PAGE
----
It’s an extraordinarily vulnerable thing Bourque-Sheil has done, using such personal and painful moments in this work, attempting to channel his anger into gallows humor. We must offer unbridled admiration for the bravery of the attempt. And the effort isn't without its fruit.
How and why Winter Moon, Hallie, and Ethan team up as business partners in a newly formed coven will be left spoiler-free, but it’s the closest Bourque-Sheil comes to using humor effectively to take anyone to task – in this case, Big Pharma.
Had he stayed this course, Sunrise Coven might have righted itself. Instead, it gets supernaturally sidetracked by Hallie's mysterious visions.
Visons in plays are much like dreams in plays, better ideas on the page than the stage. And as Hallie looks time and again to the heavens wondering what it is she's seeing, even the lighting/projection effects don't make the experience any less opaque for us. Later when we do finally figure out what they're all about, the weak payoff feels disappointing.
All of this in the hands of director Leslie Swackhamer doesn’t help matters.
If Bourque-Sheil has written a slight comedy about a heavy subject, Swackhamer has made sure to paint it all with a broad brush.
Mai Le as Annie and Aaron Ruiz and Ethan get the worst of the overacting direction. Le’s Annie is perky doctor personified one minute, fan-girl the next, and explosively angry to follow. Moderation doesn't factor - it's ramped up all the way and is funny in ways unintended.
Ruiz as the Lord of the Rings lover, sword-carrying, sweet mountain man dude is easy fodder for big personality. But one dimensional as the character is, Swackhamer takes it to farce extreme by throwing in goofy physical humor to match his already central casting treatment.
There's no doubt that for Hallie's cynical, no-nonsense, tough-talking sensibility, Susan Koozin is good casting. Koozin’s gravelly voice and ability to bristle are legendary in Houston. But for heaven's sake, give the woman something else to do but scowl, eye-roll and pace aggressively on stage.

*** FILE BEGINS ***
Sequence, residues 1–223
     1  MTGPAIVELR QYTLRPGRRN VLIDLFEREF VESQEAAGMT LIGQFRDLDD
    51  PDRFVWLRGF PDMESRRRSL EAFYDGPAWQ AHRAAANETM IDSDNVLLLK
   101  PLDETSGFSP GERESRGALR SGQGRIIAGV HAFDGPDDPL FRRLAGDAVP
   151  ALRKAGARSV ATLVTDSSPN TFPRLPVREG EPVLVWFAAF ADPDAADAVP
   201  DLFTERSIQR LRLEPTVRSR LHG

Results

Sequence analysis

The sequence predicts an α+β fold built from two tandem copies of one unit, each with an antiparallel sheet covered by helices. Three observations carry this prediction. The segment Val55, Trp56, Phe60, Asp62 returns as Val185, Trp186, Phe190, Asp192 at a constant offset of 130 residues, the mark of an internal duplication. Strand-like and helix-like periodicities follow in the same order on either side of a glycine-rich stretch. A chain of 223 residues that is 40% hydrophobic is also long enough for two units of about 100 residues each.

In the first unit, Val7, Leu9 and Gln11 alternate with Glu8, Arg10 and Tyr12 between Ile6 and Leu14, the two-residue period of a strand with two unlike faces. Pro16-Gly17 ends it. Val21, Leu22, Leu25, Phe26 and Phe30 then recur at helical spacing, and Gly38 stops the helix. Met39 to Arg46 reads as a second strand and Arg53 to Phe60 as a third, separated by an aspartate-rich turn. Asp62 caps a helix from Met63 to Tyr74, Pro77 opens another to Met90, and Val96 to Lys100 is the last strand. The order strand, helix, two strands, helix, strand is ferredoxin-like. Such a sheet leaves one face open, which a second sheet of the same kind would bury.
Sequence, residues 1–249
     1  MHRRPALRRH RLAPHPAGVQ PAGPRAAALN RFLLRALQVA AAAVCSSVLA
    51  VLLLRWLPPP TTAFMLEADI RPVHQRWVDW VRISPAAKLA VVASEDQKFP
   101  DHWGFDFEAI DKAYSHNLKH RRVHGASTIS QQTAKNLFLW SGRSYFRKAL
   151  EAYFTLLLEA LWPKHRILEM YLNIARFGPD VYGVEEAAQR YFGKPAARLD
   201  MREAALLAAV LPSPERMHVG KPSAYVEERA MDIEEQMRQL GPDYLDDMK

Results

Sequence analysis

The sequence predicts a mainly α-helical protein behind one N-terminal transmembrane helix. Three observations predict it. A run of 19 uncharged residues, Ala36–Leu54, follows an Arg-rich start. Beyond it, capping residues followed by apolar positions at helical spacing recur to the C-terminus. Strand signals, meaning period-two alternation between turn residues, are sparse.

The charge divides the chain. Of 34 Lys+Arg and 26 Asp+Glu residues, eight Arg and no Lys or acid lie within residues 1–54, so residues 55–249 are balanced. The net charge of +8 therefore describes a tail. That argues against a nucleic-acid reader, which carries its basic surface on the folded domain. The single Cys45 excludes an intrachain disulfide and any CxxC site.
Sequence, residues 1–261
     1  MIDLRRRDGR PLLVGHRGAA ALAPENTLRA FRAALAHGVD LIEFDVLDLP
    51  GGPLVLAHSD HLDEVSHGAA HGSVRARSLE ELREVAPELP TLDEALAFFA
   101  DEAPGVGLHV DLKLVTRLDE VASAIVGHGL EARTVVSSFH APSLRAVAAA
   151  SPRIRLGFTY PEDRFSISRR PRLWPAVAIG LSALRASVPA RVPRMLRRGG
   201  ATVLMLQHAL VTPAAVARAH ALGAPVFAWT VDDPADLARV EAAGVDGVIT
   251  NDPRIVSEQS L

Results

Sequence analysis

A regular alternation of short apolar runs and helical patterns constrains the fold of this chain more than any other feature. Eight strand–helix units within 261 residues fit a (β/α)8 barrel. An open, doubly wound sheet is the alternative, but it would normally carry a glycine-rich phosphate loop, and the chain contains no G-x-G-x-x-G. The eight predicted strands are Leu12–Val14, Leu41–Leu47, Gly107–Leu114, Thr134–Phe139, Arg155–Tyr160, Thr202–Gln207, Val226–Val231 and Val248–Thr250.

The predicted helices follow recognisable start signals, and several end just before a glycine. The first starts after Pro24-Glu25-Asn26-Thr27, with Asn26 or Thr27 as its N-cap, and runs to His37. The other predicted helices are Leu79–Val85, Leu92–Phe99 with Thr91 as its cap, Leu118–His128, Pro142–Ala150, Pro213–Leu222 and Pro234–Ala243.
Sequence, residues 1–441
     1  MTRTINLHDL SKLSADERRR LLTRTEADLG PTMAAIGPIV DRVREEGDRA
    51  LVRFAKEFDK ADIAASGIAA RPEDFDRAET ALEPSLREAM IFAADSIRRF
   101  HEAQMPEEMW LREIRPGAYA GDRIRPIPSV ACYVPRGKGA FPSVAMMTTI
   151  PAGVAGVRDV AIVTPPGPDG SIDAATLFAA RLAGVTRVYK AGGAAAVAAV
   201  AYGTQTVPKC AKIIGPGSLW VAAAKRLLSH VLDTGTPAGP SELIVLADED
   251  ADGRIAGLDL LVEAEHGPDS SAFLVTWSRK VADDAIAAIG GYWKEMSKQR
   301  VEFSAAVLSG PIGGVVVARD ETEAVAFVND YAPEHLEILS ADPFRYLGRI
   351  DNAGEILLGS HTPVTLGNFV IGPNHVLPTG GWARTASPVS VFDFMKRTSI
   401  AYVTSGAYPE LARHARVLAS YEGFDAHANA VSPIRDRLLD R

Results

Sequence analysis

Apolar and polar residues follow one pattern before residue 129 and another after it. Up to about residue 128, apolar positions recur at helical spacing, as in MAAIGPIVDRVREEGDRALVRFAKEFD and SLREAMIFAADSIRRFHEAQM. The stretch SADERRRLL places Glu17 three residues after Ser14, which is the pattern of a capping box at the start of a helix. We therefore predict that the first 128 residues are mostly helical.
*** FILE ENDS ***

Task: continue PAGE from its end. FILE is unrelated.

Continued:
Swackhamer keeps Koozin on one setting like a broken speed bike the entire show, sapping all her prowess and dumping it into a stagnant performance.
Not surprisingly, the least complicated characters receive the most lighted directorial hand. Jaquet as Jax is allowed to be the sweet old man as he was written. Johnson as the spiritual Winter Moon delivers quite a steady and mercifully unflashy performance.
Sure, we have no idea why she’s a witch, how she got to be a witch or anything else about her. But as mentioned, insight or depth for any character is not an ingredient in the recipe of this play.
Ultimately, it doesn’t seem like Bourque-Sheil was trying to solve or provide solutions in Sunrise Coven. Or even show us things we weren’t already aware of. It’s near impossible to be a long-term nurse and come out unscathed. Addiction rampages our communities. Drug prices are criminal. Being a caregiver to a parent or a spouse can eat you alive.
Until things change, laughter is the best way to deal with it, posits Bourque-Sheil. It's not a bad suggestion, it's just not necessarily a narratively fulfilling one.
Sunrise Coven continues through April 10 at Stages, 800 Rosine. For more information, visit stageshouston.com or call 713-527-0123. $87-25.